Rheinmetall ready to supply up to 50 tanks to Ukraine – Newspaper | world news


BERLIN (Reuters) – Military equipment maker Rheinmetall is set to deliver up to 50 used Leopard 1 battle tanks to Ukraine, the Handelsblatt newspaper reported on Monday, quoting the group’s chief executive.

Rheinmetall could deliver the first tanks in six weeks and the rest over the next three months through its subsidiary Rheinmetall Italia if it gets the green light from the German government, chief executive Armin Papperger told Handelsblatt.

Papperger said Ukrainian soldiers could be trained on the Leopard 1 within days if they are already military qualified.

Some German government politicians have said that it takes too long to train Ukrainians in the use of Western weapons, and that it is better to send equipment that they can operate immediately.

The Handelsblatt reported that politicians in Germany’s coalition government, made up of the Social Democrats, Greens and Free Democrats, were open to a possible delivery of the Leopard tanks, the newspaper reported.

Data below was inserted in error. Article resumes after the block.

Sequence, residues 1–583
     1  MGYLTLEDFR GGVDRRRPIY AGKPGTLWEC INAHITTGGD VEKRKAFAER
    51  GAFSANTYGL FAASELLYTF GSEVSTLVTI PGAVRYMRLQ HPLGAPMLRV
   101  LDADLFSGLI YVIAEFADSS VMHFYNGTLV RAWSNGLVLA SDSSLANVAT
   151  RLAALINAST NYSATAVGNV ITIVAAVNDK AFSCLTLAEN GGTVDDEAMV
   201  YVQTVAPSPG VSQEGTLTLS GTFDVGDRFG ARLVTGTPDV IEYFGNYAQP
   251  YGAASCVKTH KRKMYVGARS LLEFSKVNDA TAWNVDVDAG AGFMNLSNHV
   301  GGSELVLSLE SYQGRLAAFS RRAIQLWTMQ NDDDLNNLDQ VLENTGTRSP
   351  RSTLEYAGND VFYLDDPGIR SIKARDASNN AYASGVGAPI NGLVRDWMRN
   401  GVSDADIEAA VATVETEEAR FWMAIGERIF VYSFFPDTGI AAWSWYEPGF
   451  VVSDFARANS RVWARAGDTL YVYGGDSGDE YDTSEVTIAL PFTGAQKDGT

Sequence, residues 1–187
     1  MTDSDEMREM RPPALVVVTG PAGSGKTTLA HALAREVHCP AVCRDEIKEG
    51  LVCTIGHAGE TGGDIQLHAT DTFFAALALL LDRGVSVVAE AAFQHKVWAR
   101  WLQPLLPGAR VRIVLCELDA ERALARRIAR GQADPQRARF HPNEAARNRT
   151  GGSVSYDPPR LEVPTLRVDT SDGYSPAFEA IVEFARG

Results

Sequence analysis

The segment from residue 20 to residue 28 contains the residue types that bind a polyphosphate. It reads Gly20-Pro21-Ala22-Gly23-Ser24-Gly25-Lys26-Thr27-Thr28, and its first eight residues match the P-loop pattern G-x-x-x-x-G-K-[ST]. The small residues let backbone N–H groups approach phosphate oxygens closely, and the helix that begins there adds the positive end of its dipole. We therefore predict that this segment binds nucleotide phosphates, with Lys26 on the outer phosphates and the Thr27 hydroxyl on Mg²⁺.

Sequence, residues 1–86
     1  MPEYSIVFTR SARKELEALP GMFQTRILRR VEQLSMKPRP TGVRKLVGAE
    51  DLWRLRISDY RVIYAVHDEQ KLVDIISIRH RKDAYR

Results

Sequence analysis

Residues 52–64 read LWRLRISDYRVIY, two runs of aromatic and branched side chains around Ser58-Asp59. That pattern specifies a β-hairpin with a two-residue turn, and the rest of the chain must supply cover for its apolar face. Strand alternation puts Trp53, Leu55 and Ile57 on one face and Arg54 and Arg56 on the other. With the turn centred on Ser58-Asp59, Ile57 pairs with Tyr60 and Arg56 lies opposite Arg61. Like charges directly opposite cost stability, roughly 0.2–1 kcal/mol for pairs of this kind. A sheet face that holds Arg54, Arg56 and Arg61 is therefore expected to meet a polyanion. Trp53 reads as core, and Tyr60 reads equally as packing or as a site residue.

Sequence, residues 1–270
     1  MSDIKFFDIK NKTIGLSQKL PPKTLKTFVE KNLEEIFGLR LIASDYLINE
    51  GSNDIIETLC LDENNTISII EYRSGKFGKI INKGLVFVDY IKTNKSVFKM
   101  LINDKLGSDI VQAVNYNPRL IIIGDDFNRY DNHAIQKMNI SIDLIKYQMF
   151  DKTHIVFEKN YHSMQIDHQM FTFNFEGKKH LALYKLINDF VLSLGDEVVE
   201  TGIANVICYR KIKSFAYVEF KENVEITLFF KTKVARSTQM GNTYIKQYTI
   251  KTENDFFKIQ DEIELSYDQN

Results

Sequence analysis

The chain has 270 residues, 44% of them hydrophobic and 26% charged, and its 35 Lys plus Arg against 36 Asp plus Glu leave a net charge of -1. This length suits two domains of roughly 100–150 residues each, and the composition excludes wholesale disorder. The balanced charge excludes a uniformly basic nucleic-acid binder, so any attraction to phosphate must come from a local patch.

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“You need to be trained a bit more intensively on the Leopard 1. But if the Ukrainians want the tank, a way has to be found,” Marcus Faber, defense policy spokesman for the Free Democrats parliamentary group, told the newspaper. .

Economy Minister Robert Habeck said on Monday that Germany’s weapons for Ukraine should be delivered quickly as Russia’s attack from the east is imminent.

“With the decision to support Ukraine with arms, Germany has taken on an obligation,” Habeck said.

After Russia’s invasion of Ukraine, which began on February 24, Germany reversed a long-standing policy of not sending weapons to conflict zones and Berlin supplied kyiv with arms anti-tanks and missiles.

Russian President Vladimir Putin has sent troops to Ukraine in what he calls a “special military operation” to demilitarize and “denazify” Ukraine. Ukraine and the West say Putin has launched an unprovoked war of aggression.

Rheinmetall’s Leopard 1 main battle tank is a predecessor model to the Leopard 2 currently in service with the German Armed Forces, and the armies that use it have returned it to the supplier when upgrading their equipment, reported the Handelsblatt.

(Reporting by Zuzanna Szymanska; Editing by Gareth Jones and Jane Merriman)

Copyright 2022 Thomson Reuters.


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